Borrowing costs continue to head lower, enticing home shoppers and refinancers to lock-in.
“Given the recent volatility of the ten-year Treasury yield, it’s not surprising that mortgage rates again have dropped,” says Sam Khater, Freddie Mac’s chief economist. “These low rates combined with high consumer confidence continue to drive home sales upward, a trend that is likely to endure as we enter spring.”
Freddie Mac reported the following national averages with mortgage rates for the week ending Feb. 27:
- 30-year fixed-rate mortgages: averaged 3.45%, with an average 0.7 point, falling from last week’s 3.49% average. Last year at this time, 30-year rates averaged 4.35%.
- 15-year fixed-rate mortgages: averaged 2.95%, with an average 0.8 point, falling from last week’s 2.99% average. A year ago, 15-year rates averaged 3.77%.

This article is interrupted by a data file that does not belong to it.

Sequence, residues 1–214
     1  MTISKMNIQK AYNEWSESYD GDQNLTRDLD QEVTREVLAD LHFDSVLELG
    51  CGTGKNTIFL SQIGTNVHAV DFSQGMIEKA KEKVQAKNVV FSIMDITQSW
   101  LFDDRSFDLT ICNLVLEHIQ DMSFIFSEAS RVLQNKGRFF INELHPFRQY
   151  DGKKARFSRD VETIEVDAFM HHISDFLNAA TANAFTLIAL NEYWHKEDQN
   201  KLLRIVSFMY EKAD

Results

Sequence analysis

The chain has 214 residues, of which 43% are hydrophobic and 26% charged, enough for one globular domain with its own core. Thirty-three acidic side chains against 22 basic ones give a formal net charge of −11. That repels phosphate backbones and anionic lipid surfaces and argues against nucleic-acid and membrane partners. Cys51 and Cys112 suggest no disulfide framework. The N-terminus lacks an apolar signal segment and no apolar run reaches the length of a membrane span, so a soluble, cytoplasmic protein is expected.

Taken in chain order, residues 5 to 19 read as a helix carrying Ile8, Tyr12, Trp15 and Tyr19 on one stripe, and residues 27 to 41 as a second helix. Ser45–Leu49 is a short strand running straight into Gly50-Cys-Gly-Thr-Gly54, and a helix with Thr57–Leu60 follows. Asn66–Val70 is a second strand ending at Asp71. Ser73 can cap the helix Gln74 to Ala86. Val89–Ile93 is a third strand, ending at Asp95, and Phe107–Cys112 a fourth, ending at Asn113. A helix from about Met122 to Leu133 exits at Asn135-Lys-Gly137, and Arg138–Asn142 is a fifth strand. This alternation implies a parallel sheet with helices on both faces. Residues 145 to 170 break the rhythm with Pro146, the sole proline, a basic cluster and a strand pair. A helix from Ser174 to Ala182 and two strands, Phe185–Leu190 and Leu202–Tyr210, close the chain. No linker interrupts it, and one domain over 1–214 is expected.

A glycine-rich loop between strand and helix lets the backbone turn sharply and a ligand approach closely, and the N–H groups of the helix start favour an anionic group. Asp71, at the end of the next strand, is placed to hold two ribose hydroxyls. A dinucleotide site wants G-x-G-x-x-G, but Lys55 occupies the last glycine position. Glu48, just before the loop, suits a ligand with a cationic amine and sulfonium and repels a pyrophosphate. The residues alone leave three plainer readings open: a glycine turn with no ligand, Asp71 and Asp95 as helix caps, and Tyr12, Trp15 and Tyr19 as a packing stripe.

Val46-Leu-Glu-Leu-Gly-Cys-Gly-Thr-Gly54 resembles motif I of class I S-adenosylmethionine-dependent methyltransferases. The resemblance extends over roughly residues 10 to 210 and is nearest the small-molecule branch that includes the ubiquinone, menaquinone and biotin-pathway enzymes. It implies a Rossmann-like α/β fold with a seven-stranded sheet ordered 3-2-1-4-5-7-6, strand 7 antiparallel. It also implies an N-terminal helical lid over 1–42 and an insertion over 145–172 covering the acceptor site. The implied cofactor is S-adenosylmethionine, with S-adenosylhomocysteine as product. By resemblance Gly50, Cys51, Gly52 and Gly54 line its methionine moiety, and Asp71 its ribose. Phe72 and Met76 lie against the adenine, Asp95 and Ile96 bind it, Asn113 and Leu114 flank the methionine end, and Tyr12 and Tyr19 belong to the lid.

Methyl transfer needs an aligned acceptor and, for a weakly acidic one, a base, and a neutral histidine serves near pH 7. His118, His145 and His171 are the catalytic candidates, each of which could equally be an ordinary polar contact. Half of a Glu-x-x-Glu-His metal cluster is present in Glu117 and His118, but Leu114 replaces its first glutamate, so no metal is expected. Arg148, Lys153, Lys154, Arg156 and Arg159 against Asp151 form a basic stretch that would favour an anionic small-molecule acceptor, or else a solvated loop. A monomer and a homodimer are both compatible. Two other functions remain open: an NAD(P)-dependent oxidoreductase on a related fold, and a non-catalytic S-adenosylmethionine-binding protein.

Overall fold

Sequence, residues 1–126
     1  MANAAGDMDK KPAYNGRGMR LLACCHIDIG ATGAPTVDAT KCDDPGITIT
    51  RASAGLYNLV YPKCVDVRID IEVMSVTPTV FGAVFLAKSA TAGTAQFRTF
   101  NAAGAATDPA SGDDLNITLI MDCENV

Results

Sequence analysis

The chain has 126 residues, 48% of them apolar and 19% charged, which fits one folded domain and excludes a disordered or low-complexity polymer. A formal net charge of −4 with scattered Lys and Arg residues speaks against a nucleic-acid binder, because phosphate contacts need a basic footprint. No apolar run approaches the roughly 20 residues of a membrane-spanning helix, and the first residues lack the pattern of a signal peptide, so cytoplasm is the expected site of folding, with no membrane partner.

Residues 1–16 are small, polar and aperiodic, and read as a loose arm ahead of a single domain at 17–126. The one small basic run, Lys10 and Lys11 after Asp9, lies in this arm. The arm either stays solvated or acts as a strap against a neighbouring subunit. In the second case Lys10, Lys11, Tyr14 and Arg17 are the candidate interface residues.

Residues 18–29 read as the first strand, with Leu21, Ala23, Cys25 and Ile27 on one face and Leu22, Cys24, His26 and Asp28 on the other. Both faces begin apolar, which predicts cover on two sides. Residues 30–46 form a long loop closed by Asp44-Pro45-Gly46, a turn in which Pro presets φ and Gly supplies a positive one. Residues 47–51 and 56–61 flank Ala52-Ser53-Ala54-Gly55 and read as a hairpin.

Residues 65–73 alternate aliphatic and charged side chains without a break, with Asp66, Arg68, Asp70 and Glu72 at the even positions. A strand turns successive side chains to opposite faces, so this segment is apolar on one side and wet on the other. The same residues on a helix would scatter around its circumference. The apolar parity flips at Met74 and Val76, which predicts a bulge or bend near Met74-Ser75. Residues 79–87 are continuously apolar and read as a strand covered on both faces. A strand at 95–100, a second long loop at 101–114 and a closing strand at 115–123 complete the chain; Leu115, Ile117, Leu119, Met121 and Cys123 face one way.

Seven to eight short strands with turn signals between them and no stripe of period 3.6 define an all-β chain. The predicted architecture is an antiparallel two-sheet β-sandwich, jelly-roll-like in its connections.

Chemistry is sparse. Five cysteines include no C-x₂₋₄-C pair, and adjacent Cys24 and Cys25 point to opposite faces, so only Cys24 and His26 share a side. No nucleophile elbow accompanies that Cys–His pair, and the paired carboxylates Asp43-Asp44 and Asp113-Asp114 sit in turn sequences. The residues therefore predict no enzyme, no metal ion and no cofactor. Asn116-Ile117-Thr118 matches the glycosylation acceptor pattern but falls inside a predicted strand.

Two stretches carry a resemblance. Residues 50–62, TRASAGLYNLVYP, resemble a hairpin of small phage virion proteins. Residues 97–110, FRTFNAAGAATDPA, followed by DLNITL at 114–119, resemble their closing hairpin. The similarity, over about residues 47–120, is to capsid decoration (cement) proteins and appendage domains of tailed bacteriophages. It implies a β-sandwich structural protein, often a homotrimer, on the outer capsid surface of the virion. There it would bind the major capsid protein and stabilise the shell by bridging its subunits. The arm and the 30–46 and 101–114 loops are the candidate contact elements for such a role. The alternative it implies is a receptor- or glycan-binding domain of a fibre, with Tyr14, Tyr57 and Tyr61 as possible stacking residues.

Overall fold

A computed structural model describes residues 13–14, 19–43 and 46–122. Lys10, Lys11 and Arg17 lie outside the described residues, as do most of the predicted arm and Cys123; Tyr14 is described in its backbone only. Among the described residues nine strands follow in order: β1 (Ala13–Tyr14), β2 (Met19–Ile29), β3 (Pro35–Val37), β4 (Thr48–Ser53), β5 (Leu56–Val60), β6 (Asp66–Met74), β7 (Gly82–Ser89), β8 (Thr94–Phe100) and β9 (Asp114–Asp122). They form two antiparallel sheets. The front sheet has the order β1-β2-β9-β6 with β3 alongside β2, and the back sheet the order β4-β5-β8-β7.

- 5-year hybrid adjustable-rate mortgages: averaged 3.20%, with an average 0.2 point, falling from last week’s 3.25% average. A year ago, 5-year ARMs averaged 3.84%.
Mortgage rates fluctuate, and over the last 50 years they’ve changed significantly, Freddie Mac notes in a recent blog post. Consider, in the 1970s, the average rate was 8.86% compared to today’s 3.45%. Freddie Mac compiled the following chart to show how much mortgage rates have changed over the last five decades.